REVIEW: Clock Opera, Dingwalls, Camden Lock, May 2.

WITH their sonic landscapes and trippy samples Clock Opera gave a mesmerising lesson in the art of how to dice up morsels of noise and serve them up to the audience as a mouth watering feast of sound. This electro-guitar outfit is led by Guy Connelly and

WITH their sonic landscapes and trippy samples Clock Opera gave a mesmerising lesson in the art of how to dice up morsels of noise and serve them up to the audience as a mouth watering feast of sound.

This electro-guitar outfit is led by Guy Connelly and with his overtly bushy beard and intensely focused delivery he makes an arresting performer. While the venue largely resounded with the squelchy and shard-like noises of synthesizers, the band brought little patches of simplicity to the show - at one stage hammering on miscellaneous household objects to create a tinny percussive effect.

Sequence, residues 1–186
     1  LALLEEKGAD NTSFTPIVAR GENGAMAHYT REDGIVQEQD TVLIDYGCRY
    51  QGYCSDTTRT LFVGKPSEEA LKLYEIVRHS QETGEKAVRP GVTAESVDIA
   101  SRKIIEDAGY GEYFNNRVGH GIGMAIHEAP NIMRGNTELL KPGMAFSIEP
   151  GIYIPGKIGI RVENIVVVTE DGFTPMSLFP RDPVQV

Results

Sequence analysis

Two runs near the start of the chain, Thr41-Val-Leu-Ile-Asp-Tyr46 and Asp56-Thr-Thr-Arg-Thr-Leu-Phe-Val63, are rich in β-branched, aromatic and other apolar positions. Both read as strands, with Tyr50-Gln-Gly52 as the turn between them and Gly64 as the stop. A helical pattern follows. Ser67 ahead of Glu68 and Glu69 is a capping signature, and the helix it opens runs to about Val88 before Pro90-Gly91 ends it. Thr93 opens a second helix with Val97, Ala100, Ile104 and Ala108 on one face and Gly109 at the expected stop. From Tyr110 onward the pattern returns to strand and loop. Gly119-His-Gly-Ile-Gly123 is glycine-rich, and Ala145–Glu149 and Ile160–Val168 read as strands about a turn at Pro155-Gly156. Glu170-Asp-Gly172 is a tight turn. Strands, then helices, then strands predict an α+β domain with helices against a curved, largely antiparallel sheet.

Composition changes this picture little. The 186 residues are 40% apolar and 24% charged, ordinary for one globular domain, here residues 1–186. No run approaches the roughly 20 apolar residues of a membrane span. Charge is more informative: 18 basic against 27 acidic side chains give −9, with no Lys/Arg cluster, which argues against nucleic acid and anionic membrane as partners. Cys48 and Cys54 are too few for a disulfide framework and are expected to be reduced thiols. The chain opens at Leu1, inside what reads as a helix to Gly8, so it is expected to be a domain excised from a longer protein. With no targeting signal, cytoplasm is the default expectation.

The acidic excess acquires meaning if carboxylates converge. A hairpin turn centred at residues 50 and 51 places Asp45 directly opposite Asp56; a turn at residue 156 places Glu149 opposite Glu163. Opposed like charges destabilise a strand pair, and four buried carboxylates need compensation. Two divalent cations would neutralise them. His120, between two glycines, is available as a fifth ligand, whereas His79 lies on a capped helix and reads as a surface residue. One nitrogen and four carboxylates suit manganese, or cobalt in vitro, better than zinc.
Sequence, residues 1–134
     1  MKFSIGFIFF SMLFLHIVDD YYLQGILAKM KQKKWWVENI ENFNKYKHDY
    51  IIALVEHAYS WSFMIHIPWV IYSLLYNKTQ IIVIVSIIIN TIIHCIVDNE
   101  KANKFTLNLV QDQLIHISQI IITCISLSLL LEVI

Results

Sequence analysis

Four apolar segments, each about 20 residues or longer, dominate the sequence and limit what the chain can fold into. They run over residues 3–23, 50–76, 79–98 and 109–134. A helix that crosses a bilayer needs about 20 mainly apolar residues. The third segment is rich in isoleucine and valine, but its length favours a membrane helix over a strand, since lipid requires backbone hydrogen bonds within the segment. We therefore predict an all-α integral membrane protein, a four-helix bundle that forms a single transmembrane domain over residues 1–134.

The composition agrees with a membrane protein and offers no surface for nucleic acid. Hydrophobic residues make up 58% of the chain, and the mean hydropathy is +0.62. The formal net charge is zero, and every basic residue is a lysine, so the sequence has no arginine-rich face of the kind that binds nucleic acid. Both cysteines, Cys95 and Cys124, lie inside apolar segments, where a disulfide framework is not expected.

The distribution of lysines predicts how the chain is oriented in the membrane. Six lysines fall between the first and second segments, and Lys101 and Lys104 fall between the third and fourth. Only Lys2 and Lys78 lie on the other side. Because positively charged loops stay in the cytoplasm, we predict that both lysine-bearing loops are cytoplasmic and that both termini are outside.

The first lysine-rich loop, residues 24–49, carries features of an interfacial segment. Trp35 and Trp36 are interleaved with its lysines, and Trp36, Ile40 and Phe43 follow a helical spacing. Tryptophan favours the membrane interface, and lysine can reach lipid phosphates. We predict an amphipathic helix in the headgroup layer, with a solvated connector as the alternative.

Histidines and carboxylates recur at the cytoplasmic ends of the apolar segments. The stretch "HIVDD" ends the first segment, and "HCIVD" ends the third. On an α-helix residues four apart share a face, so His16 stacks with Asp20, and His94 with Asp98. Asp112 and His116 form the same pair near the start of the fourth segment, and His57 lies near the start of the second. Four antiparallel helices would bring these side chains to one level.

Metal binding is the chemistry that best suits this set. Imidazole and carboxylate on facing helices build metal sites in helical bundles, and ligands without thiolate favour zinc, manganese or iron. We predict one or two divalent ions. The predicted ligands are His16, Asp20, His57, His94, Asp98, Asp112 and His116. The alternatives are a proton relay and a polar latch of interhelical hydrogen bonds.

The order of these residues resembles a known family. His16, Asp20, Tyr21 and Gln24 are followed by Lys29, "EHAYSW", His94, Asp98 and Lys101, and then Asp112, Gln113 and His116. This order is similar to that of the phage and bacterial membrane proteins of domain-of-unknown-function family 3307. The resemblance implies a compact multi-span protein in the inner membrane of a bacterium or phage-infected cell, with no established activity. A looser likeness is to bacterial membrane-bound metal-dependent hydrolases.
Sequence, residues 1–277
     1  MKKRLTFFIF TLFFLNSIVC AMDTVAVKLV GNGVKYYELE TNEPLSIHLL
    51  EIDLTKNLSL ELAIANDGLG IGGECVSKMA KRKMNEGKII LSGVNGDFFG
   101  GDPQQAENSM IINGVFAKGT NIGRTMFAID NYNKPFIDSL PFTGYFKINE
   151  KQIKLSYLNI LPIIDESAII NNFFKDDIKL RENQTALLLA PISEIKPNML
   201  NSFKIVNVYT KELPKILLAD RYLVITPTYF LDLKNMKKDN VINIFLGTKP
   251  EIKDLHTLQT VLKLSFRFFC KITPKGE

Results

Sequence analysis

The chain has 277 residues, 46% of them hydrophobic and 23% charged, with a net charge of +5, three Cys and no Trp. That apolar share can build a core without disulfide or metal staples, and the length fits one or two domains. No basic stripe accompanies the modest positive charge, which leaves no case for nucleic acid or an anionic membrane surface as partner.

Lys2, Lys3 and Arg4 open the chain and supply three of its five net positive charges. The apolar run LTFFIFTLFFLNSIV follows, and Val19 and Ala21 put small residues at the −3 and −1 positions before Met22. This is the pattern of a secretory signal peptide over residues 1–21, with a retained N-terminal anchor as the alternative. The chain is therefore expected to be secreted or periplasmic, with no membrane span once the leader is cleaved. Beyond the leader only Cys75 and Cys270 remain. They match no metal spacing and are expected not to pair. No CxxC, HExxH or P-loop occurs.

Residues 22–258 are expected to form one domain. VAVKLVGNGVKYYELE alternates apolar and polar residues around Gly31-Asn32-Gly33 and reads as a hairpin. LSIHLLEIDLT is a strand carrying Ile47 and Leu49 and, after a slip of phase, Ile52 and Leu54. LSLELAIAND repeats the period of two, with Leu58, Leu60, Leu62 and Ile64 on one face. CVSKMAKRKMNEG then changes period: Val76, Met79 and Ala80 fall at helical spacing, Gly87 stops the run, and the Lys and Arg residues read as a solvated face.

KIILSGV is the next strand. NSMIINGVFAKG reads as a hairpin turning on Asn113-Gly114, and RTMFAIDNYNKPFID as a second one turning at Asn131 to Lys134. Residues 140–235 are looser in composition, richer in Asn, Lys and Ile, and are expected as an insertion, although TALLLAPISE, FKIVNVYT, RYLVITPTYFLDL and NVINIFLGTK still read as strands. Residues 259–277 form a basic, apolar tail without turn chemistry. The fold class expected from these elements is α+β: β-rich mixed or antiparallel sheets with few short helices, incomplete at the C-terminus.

Over the top of brilliantly sequenced guitar samples Connelly sang soft but direct folky melodies, rising to falsetto crescendos with inflections sometimes bearing a hint of The Killers' Brandon Flowers.

The bouncing synth tunes and staccato drumming of A Piece of String stood at one end of the band's spectrum while at the other end the melancholy Alouette was an intriguing and unlikely example of how weirdly inverted clean guitar notes can be rearranged to form the backdrop for a forlorn love song.

A great act, and one to keep an eye on for the future.

Clock Opera, Dingwalls, Camden Lock, May 2.